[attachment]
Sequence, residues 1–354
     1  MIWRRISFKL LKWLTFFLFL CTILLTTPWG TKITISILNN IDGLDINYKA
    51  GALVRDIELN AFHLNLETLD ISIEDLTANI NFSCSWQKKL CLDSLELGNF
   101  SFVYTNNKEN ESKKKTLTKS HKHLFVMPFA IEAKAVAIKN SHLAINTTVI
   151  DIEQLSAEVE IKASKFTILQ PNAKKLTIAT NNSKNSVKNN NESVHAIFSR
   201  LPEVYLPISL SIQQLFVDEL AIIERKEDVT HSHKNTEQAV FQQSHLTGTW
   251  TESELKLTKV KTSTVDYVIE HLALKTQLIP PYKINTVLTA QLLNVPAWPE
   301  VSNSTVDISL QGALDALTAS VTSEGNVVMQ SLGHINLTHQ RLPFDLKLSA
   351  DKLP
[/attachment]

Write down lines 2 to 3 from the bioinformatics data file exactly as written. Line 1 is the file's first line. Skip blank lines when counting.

     1  MIWRRISFKL LKWLTFFLFL CTILLTTPWG TKITISILNN IDGLDINYKA
    51  GALVRDIELN AFHLNLETLD ISIEDLTANI NFSCSWQKKL CLDSLELGNF